Port Allen — For many south Louisiana families, it isn’t Easter without crawfish on the menu. Most will serve the crustaceans boiled or in étouffée, stew or pie. A few might offer labor-intensive crawfish bisque, but not in the quantity made during Lent by Knights of Columbus Council 2875, affiliated with Holy Family Catholic Church.
Their recipe begins with about 7,500 heads (shells) and 192 pounds of crawfish tails from Bonanza Crawfish Farms Inc. in Henderson for stuffing the heads that go into the bisque. Add 4 pounds of diced green onions; 40 pounds of bread crumbs; 60 pounds of onions, bell pepper and celery; 8 pounds of diced and minced garlic; 30 pounds of liquid eggs, plus Tony Chachere’s Original Creole Seasoning, black pepper, lemon pepper and garlic powder. Mix it all in a mixer-grinder at Bergeron’s Boudin & Cajun Meats, owned by KC member Moonie Bergeron, and get 330 to 350 pounds of mixed crawfish stuffing.
“Roux master” Terry Vincent, in charge of making the gravy, prepares 16 gallons of roux to which he adds onions, bell pepper, celery and seasonings plus an additional 24 pounds of crawfish. It’s made all at once in what the KC members call “the coffin,” a rectangular-shaped stainless steel container.
The result? About 150 gallons of crawfish bisque, enough for 950 dinners, sold for $10 a plate. Profits — last year it was almost $5,900 — go to support the local KC and for charities at Holy Family School and Holy Family church, Chairman Adrian Genre said.
They’ve used the same recipe for the past 15 years. Genre said it’s a version of a chef John Folse recipe that’s been multiplied numerous times. Before Bergeron offered his grinding machine, “the mixing process itself was more labor intensive to get a good consistency,” Genre said.
They “generally stuff heads on Wednesday and Thursday, and cook the bisque and serve on the Friday before Good Friday” at the KC Hall at 679 N. Jefferson Ave. in Port Allen, Genre said. This year, they served the bisque on March 27. Besides crawfish bisque, the dinner includes rice, corn macque choux, bread and cake. Genre said the macque choux is made in a jambalaya pot with 240 pounds of frozen corn to which is added diced tomato, a medley of onion, celery, bell pepper and butter.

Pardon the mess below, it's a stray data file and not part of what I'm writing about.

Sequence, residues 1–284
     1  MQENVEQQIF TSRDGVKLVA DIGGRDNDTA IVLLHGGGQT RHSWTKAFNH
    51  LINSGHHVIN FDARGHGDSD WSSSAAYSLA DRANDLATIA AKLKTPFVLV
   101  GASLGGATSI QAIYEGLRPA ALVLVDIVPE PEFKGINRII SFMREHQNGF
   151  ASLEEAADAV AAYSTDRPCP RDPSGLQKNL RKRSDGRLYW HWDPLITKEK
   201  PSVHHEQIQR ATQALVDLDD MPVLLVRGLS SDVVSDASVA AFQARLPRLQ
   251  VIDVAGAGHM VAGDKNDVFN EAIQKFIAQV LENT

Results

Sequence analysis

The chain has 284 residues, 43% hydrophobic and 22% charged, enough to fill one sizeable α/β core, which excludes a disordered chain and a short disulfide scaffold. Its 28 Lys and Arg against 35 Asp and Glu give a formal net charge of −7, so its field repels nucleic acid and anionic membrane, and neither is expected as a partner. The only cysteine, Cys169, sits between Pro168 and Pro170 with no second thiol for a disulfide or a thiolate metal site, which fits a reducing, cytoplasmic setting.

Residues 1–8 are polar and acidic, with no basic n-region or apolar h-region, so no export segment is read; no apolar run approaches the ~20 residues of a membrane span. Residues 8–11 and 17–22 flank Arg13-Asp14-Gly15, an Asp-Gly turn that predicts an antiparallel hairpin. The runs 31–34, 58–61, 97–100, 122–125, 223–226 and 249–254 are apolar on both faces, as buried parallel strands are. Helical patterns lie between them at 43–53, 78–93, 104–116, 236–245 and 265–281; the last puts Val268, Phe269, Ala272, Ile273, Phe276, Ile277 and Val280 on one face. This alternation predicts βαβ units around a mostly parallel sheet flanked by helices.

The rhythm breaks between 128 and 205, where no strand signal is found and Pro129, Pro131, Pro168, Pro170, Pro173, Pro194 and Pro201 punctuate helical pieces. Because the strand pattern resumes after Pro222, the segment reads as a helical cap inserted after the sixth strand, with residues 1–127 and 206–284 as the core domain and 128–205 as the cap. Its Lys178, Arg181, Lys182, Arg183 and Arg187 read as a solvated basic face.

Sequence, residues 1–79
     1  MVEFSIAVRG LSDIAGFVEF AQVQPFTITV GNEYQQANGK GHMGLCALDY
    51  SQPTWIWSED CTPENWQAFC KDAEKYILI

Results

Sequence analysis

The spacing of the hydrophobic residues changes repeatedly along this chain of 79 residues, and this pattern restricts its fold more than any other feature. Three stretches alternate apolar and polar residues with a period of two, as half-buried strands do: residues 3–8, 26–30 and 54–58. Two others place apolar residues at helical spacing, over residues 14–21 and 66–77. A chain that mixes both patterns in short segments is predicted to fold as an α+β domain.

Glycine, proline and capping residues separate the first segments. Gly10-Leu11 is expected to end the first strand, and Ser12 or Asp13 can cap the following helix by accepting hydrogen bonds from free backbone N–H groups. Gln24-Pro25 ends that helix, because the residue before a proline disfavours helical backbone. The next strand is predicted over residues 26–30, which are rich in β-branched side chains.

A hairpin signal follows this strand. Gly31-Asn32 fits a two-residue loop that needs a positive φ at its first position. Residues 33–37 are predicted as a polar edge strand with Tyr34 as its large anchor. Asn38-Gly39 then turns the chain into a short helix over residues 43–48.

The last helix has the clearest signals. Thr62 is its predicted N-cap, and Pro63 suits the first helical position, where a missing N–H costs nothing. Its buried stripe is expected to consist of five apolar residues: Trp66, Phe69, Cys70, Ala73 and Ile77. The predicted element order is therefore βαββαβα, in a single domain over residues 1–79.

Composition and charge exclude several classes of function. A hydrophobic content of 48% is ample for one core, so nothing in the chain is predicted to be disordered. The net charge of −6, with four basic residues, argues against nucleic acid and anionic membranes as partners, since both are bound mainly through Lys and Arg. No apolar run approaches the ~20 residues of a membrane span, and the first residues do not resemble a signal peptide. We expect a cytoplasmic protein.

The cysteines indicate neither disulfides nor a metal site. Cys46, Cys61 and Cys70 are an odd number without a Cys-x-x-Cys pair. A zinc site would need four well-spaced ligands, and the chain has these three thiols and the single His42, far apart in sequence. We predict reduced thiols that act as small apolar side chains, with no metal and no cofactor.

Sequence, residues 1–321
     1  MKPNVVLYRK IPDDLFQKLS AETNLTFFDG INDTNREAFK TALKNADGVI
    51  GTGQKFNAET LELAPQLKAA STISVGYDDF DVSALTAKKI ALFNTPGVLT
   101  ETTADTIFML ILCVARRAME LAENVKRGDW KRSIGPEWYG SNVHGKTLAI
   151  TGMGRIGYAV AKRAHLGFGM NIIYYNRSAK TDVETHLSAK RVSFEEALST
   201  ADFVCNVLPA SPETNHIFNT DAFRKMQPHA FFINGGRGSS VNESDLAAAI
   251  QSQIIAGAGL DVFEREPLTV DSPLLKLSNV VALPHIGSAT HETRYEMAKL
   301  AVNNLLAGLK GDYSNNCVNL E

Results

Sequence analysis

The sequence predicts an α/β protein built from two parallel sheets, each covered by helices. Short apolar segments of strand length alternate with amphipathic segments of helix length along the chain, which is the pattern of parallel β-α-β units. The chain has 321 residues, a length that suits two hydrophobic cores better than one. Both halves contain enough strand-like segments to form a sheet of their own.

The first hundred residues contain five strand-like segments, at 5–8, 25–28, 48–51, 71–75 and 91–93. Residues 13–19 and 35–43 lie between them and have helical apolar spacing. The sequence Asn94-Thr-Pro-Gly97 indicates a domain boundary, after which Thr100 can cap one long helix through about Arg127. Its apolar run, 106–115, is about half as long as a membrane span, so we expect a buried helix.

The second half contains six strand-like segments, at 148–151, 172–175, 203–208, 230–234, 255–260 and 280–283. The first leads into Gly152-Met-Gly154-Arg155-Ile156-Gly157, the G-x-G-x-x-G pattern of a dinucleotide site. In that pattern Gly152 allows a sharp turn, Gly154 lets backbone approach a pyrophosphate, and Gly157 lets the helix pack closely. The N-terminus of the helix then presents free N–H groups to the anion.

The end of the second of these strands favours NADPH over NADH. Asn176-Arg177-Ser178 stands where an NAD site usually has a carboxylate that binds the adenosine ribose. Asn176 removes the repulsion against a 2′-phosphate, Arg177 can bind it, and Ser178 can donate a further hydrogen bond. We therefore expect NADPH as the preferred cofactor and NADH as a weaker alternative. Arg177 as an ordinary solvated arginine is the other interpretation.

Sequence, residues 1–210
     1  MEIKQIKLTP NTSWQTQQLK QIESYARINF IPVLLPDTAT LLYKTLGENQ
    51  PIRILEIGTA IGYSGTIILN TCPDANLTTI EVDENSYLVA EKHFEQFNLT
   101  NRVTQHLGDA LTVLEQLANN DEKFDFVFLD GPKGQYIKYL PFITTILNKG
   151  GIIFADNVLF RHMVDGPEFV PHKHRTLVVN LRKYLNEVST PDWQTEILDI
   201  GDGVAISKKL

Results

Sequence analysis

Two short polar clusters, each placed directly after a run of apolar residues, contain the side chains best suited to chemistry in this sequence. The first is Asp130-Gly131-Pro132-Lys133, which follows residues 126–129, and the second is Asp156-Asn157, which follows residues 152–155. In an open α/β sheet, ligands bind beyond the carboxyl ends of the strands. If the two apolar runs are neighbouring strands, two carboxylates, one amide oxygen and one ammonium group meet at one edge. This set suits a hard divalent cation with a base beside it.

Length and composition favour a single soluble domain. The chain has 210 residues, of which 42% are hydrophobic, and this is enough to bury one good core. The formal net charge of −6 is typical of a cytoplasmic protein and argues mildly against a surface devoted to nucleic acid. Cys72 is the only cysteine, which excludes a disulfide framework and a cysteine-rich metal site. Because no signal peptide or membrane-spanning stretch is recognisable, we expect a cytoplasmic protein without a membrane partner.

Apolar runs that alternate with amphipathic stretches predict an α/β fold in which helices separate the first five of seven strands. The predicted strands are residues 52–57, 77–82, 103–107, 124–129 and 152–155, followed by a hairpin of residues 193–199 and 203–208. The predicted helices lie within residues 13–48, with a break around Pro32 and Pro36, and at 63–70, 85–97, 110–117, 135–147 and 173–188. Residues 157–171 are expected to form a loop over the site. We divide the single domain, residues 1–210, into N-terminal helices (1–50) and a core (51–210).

The process actually began on Monday, March 23, with the ordering of the ingredients, Genre said. “We fry fish every Friday during Lent and this is our finale.”
They depend on volunteers to help with the stuffing. “KC members, wives, children, anyone we can corral,” Genre said.
Among the 25 to 30 volunteers are widows of former KC members. “They still come out and help us. They are a very dedicated group and work as hard as anybody,” Genre said.
On Wednesday, March 25, the volunteers began showing up about 4 p.m. Some would remain until 9 p.m. Some of the earliest to arrive are Betsy Gosserand, Yvonne Bourgoyne, Joan Smith, Lou Didier, Diane Bergeron, Joyce Barbier and her husband, Kenneth “Bubbie” Barbier.
“We’ve been helping all our lives,” Joyce Barbier said.
Bergeron said she’s been a volunteer for about 20 years, helping every Friday during Lent with the fish fry.
“Thank God we’ve got these ladies,” roux master Vincent said.
Volunteers clean the heads by scalding them in boiling water and baking soda, then Deputy Grand Knight Randy Guidroz rinses the scalded crawfish heads with cold water.
Most volunteers stuff the heads. They work in pairs, using pastry bags to fill the crawfish heads with one to two tablespoons of stuffing, depending on the shell’s size. “We want to make sure they are full,” Guidroz said. Next, they drop the stuffed heads into an aluminum pan holding flour. After being floured, the heads are flash-fried for a minute or two. After being cooled to room temperature, the heads are stored in a walk-in cooler at Hubbens Supermarket in Port Allen.
As he mopped the floor, Genre praised the “small army of stuffing soldiers.” The entire process is “a collective effort, to say the least,” he added.
First-time helper Gerry Hebert got instructions on how to fill the heads from KC member Walt Braud. “Put your thumb at the small end and open them up,” he told her. “Only batter the top (with flour), so when they are put in the fryer, the gravy doesn’t get too thick.”
Hebert said she volunteered because “I have time on my hands.” Jo Ann Dodd, who has helped for the past five years, chatted with Myrt Provost and Bootsie Crochet as they worked. “This is the first time I’ve stuffed heads,” Crochet said. “Usually, I help with the fish fries, (because) I’m a parishioner of Holy Family and the KCs have helped with anything we ask.”
Provost said she helps because she had family members who were Knights of Columbus members.
As the women stuffed heads, Bubbie Barbier worked in the kitchen, counting each flash-fried head. “We have a long way to go,” Barbier said at 5:15 p.m. “We have 496 now.” The count is important so they will know how many plates can be served, he said. “We like to give five or six good-size heads. If they are small, we give seven.”
“The cooking of the gravy and bisque begins at 7 a.m. on Friday and goes almost to serving time,” Genre said. “We have a lot of roux. The longer it can cook the better. … It takes a good two hours to get to boiling.”
Official serving time on Friday is from 5:30 p.m. to 8 p.m. “We will have people lined up 1½ hours before,” Genre predicted on Wednesday. He was right. While they can eat at the KC hall, most customers took the bisque dinners to go.
Genre believes their crawfish bisque is popular because it’s “a traditional meal, and there’s the sort of novelty of it because no one wants to do it” anymore.